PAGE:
The states that have convinced more people to buy insurance through a state-run exchange or the federal marketplace are - California, Colorado, Michigan, New York, North Carolina, Pennsylvania and Texas.
Between Oct. 1, 2013, and Feb. 1, Washington enrolled nearly 90,000 people in private insurance through its new exchange. Nearly 80 percent of them are getting a discount on their insurance because of their income level. Another 85,000 people have signed up for private insurance but still need to pay their first premium.
By Dec. 31, Washington was supposed to have signed up nearly 160,000 people for private insurance through its exchange, according to federal enrollment targets. By the end of January, that goal rose to 210,800.
Open enrollment for the new health insurance program goes through the end of March.
Nationally, nearly 3.3 million people signed up between Oct. 1 and Feb. 1. The states have a long way to go before they reach the national goal of 7 million sign-ups by the end of March.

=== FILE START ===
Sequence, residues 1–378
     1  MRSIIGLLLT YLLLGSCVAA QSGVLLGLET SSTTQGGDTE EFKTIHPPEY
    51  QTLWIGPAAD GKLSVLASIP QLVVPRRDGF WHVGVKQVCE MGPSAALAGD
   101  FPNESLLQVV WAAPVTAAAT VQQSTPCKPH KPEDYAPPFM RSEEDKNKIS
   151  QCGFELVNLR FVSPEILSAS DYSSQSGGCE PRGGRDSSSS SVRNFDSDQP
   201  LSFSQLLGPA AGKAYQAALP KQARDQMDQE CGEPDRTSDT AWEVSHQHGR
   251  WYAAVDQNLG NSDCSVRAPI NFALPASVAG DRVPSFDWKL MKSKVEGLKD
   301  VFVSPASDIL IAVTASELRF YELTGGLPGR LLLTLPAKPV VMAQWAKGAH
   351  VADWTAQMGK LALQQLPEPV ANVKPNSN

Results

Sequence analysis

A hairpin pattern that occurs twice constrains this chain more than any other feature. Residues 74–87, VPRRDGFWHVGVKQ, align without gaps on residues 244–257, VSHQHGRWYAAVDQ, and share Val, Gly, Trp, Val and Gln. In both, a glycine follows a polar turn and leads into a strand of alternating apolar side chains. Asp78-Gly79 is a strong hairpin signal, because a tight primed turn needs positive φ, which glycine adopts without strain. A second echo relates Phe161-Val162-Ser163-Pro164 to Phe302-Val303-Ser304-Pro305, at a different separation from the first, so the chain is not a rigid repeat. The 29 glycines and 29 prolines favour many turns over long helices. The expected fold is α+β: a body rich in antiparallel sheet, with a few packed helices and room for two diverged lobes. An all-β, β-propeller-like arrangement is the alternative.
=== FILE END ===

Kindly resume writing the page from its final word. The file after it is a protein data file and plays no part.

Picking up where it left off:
Before health care reform took effect, an estimated 1 million Washington residents lacked health insurance. The Washington exchange has a goal of selling private insurance to 340,000 people by the end of March, according to a federal report of enrollment targets.
Another 280,000 people are also new to health insurance in Washington state, but they were eligible for free insurance through Medicaid. Among the new people on Medicaid, about 185,000 were able to sign up for the free insurance because the state expanded eligibility to people who made more money, a feature of the Affordable Care Act at least partially paid for by the federal government.
Washington appears to be enrolling a slightly older group of people in private insurance, with only 23 percent of enrollees in the 18-34 age group. Many states have more than 30 percent of their new enrollees in this age group.
This demographic information may change over time because most states have not released as much information about their insurance customers as Washington state. Only California and New York appear to have turned over details about all their insurance shoppers.